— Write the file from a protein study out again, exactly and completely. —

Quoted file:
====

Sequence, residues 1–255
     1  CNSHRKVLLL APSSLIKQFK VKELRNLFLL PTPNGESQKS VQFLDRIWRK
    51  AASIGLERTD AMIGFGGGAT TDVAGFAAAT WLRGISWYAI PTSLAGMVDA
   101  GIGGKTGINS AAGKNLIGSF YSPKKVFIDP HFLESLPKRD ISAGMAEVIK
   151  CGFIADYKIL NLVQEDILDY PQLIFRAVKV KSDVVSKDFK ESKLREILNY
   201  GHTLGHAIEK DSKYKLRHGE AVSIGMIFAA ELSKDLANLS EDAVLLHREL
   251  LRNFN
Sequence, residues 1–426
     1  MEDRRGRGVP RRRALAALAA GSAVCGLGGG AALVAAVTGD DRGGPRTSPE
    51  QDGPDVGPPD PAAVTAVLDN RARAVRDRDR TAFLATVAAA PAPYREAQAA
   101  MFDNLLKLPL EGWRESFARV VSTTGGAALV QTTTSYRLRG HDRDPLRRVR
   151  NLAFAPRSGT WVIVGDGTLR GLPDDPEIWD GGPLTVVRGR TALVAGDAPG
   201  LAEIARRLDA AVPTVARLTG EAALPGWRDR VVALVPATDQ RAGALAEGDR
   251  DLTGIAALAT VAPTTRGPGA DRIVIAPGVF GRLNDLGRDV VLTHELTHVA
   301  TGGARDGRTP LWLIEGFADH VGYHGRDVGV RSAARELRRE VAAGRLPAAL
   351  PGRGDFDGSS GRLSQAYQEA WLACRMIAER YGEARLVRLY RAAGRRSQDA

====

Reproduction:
Sequence, residues 1–255
     1  CNSHRKVLLL APSSLIKQFK VKELRNLFLL PTPNGESQKS VQFLDRIWRK
    51  AASIGLERTD AMIGFGGGAT TDVAGFAAAT WLRGISWYAI PTSLAGMVDA
   101  GIGGKTGINS AAGKNLIGSF YSPKKVFIDP HFLESLPKRD ISAGMAEVIK
   151  CGFIADYKIL NLVQEDILDY PQLIFRAVKV KSDVVSKDFK ESKLREILNY
   201  GHTLGHAIEK DSKYKLRHGE AVSIGMIFAA ELSKDLANLS EDAVLLHREL
   251  LRNFN
Sequence, residues 1–426
     1  MEDRRGRGVP RRRALAALAA GSAVCGLGGG AALVAAVTGD DRGGPRTSPE
    51  QDGPDVGPPD PAAVTAVLDN RARAVRDRDR TAFLATVAAA PAPYREAQAA
   101  MFDNLLKLPL EGWRESFARV VSTTGGAALV QTTTSYRLRG HDRDPLRRVR
   151  NLAFAPRSGT WVIVGDGTLR GLPDDPEIWD GGPLTVVRGR TALVAGDAPG
   201  LAEIARRLDA AVPTVARLTG EAALPGWRDR VVALVPATDQ RAGALAEGDR
   251  DLTGIAALAT VAPTTRGPGA DRIVIAPGVF GRLNDLGRDV VLTHELTHVA
   301  TGGARDGRTP LWLIEGFADH VGYHGRDVGV RSAARELRRE VAAGRLPAAL
   351  PGRGDFDGSS GRLSQAYQEA WLACRMIAER YGEARLVRLY RAAGRRSQDA